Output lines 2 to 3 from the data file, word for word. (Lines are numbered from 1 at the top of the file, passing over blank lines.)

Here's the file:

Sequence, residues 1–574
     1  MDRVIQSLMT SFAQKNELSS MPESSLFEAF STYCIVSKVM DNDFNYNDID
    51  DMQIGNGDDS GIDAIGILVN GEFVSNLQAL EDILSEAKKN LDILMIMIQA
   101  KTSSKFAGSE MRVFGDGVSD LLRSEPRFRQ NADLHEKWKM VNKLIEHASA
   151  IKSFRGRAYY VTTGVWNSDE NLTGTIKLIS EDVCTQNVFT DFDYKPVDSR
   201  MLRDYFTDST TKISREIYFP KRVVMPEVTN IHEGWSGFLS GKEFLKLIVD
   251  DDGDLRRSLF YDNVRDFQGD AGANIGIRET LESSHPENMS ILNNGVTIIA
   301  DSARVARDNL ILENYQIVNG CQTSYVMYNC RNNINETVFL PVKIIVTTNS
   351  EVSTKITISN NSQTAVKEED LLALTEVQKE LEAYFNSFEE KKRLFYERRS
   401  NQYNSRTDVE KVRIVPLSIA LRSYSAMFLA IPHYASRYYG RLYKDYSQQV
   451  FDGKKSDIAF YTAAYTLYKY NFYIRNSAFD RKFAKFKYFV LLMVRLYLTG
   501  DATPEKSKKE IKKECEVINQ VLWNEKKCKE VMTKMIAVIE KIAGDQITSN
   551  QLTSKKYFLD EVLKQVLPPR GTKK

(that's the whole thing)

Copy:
     1  MDRVIQSLMT SFAQKNELSS MPESSLFEAF STYCIVSKVM DNDFNYNDID
    51  DMQIGNGDDS GIDAIGILVN GEFVSNLQAL EDILSEAKKN LDILMIMIQA